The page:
The indie rock heroes Amber Run have always been part of the special ones, the ones that like to dig that little bit deeper than anyone else around them. Celebrating the release of their fourth full-length record ‘How To Be Human’, which sees the group journey through emotional turmoil and lay their vulnerabilities bare in front of us once more, the trio has been hitting the stages all across the country on their latest tour. One of those many halts also had them recently touch down in London’s glitzy KOKO, which had the band exceed all expectations and people‘s hearts beat faster yet again.
Ever since music has existed, lyrics, melodies, and songwriting have been tools for artists to process and shine a light on their emotions, whether they are good or bad. To nobody’s surprise, music has, for so many, become this big part of their lives that lets them connect to others and helps them deal with any hardships they might be going through – or simply celebrate the act of being alive and happy. That is exactly what Amber Run set out to do when they walked on stage to their roaring fanbase which they had last seen for their sold-out acoustic set at Union Chapel almost a year before. With support acts Michael Blackwell and Myles Smith (whose performance had been heart-warmingly watched by Amber Run’s lead singer Joe Keogh from the side of the stage) having already set just the right tone and hyped up the crowd, the evening started off with a bang as the Nottingham-bred band jumped into the explosive ‘The Beautiful Victorious’.
Throughout the show, the group – made up of vocalist Joshua “Joe” Keogh, bass guitarist Tom Sperring and Henry Wyeth on the keyboard – seamlessly jumped between older favourites and newer hits and went on a walk down memory lane of their four albums together with their excited audience. While tracks like ‘Honeylight’, ‘Hurt’ and ‘Carousel’ brought more rock-inspired moments to the set and had the whole room buzzing from top to bottom, more sombre songs like ‘5AM’, ‘Wastelands’ and the title-giving ‘How To Be Human’ stirred the captivated crowd and added yet more loops to the already emotional-heavy rollercoaster ride the set had turned into.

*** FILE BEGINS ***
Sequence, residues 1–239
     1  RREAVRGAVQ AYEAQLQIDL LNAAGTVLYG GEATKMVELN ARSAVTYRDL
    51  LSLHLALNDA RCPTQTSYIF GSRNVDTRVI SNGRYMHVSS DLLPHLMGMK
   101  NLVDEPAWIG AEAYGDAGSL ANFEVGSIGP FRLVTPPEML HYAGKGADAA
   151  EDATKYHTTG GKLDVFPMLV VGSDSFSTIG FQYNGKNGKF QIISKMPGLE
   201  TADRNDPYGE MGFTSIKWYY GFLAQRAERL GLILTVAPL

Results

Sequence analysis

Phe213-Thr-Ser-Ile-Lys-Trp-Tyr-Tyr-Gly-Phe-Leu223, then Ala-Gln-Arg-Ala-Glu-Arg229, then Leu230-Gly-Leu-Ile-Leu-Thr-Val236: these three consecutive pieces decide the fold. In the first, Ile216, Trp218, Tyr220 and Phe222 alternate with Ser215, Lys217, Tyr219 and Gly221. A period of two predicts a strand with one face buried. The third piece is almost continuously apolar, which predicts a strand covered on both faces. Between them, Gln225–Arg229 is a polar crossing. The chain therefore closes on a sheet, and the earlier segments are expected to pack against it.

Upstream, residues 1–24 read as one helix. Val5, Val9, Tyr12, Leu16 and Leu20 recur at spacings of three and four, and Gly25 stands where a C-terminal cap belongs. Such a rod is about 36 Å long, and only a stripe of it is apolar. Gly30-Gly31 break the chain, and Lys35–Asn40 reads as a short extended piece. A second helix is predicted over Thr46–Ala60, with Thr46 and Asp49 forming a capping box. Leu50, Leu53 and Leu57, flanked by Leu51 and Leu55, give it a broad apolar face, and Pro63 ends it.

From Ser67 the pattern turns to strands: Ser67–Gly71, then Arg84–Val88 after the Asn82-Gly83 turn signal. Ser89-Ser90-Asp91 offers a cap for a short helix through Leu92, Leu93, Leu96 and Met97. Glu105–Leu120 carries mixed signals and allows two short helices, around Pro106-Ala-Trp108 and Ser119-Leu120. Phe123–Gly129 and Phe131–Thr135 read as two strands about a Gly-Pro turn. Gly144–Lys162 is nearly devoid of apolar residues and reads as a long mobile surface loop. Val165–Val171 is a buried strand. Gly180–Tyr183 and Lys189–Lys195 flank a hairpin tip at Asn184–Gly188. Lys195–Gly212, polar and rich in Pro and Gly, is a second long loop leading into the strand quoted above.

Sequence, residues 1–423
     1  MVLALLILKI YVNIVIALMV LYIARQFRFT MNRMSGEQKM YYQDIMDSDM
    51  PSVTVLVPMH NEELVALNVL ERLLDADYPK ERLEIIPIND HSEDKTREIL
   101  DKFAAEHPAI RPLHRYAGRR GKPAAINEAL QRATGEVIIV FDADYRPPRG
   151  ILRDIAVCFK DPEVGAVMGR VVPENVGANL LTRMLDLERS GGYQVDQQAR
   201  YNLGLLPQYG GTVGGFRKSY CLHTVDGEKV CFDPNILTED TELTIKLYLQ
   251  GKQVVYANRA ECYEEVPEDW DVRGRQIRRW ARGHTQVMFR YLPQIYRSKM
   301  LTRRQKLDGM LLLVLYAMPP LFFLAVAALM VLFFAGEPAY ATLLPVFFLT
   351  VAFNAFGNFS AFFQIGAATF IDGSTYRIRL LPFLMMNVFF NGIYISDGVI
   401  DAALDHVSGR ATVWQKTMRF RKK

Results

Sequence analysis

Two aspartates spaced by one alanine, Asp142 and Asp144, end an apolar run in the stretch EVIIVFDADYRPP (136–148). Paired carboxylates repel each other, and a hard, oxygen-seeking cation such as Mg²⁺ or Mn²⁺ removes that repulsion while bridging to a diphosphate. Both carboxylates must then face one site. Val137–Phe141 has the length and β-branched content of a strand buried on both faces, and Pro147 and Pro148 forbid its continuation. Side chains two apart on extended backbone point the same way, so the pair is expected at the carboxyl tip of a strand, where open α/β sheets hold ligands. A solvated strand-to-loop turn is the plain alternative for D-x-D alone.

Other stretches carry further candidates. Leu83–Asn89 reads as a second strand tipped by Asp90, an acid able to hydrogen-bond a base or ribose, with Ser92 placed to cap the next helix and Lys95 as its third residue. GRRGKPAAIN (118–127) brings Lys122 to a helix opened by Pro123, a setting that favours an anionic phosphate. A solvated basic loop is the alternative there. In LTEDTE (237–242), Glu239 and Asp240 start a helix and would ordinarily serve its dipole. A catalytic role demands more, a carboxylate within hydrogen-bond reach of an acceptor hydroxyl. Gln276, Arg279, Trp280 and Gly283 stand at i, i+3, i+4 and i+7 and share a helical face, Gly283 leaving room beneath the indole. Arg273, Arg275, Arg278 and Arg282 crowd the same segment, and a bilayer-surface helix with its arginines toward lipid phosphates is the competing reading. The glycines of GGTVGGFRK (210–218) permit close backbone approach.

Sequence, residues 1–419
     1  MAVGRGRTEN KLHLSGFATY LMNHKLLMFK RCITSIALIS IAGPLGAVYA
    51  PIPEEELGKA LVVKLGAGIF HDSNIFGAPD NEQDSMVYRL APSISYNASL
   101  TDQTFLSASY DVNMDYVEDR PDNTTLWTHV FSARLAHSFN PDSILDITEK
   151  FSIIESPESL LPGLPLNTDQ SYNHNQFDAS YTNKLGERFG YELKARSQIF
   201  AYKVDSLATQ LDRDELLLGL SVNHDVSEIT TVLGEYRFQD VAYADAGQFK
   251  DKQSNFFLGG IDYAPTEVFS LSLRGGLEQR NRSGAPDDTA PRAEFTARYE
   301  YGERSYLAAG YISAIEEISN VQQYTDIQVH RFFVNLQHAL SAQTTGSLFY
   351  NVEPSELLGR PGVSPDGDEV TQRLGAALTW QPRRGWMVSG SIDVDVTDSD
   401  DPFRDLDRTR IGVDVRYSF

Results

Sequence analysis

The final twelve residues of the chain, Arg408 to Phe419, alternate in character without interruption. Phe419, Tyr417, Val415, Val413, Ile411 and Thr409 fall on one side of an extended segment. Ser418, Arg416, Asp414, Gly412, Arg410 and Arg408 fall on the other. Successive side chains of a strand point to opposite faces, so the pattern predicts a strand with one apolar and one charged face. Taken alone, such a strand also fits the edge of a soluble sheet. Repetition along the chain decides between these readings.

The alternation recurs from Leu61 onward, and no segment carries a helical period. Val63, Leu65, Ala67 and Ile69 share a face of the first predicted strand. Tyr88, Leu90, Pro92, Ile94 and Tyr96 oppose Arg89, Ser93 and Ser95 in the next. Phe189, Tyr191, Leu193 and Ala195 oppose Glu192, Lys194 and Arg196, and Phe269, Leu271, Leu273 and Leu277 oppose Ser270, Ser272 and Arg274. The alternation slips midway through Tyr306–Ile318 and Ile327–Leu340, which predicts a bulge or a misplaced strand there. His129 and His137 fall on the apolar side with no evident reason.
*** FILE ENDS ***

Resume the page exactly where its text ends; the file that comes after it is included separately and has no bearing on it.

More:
From the first note to the last plugged guitar string, the three friends bounced off each other’s energy and kept the overall production at a constant flawless high. Specifically, the most heartfelt ballads ‘Amen’ and ‘Last Dance’ highlighted singer Keogh’s heavenly vocals and exposed the raw emotions buried in Amber Run’s lyricisms, while popular tracks like ‘What Be as Lonely as Love’ and ‘Noah’ showcased the incredible talents shared between the bandmembers as not only highly-skilled instrumentalists but also vocalists, as they turned their audience into a harmonising choir.
Ending the night with their immensely beloved anthems ‘I Found’ and ‘Spark’, the three-piece managed to unite the venue filled with strangers and let everyone experience music in the exact way it was always intended to. Walking off to ecstatic waves of applause that lasted long after the group had left the stage (and the promise to meet fans after the show, which is rare for a band of their size), Amber Run’s takeover of London’s KOKO was yet again a concert for the books and we can only hope to see them return to the city in the nearest of futures to be part of their unique soundscape once again.
Written by Laura Weingrill // photography by Sam Nahirny & Garry Jones
I loved this review! It perfectly captured how amazing this show was and what a performance Amber Run put on. They really captured my heart in a renewed way after this and especially because I had the chance to meet Joe and Henry after the show. I loved sharing with them how I traveled from Boston to come and see them as I did last year at Union Chapel. Can’t wait for their next shows!
LikeLiked by 1 person
Thanks so much for your lovely comment, we’re so glad to hear you enjoyed the review. And we absolutely agree, Amber Run are truly part of the special ones. 🙂